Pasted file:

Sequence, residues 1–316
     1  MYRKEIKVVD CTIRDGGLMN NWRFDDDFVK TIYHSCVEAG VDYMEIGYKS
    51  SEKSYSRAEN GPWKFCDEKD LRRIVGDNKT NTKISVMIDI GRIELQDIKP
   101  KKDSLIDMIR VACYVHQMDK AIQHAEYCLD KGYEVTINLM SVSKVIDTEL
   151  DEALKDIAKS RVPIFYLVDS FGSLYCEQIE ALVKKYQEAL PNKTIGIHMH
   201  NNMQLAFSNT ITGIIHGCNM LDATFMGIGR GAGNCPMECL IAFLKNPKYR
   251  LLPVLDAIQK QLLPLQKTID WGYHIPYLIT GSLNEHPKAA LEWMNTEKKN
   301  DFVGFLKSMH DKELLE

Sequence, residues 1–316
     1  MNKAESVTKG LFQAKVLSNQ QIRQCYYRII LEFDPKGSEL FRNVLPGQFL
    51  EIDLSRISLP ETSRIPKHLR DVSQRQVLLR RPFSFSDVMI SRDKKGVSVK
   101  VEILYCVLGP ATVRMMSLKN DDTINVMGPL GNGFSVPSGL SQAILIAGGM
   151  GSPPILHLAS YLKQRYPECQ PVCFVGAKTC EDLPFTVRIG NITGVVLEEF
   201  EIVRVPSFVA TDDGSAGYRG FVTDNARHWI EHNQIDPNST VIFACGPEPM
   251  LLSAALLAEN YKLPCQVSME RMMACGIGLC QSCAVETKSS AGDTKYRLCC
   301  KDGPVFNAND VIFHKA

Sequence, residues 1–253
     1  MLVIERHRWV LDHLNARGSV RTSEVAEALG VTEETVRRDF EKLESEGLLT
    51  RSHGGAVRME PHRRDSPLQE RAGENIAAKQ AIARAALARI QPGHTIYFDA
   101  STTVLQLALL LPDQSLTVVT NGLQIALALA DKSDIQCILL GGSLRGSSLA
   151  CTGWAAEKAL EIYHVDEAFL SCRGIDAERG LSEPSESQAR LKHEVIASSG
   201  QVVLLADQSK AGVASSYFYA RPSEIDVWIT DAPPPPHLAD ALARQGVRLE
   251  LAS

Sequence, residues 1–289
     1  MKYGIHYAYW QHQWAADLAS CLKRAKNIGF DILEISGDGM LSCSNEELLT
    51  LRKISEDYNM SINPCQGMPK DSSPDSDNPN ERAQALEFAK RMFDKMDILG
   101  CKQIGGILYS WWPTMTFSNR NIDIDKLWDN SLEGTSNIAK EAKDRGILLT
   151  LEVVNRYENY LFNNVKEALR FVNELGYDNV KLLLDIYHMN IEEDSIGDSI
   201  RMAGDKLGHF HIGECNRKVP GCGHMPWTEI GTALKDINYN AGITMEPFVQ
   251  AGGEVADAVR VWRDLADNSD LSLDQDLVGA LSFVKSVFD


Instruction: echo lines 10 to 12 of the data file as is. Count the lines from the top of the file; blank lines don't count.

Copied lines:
     1  MNKAESVTKG LFQAKVLSNQ QIRQCYYRII LEFDPKGSEL FRNVLPGQFL
    51  EIDLSRISLP ETSRIPKHLR DVSQRQVLLR RPFSFSDVMI SRDKKGVSVK
   101  VEILYCVLGP ATVRMMSLKN DDTINVMGPL GNGFSVPSGL SQAILIAGGM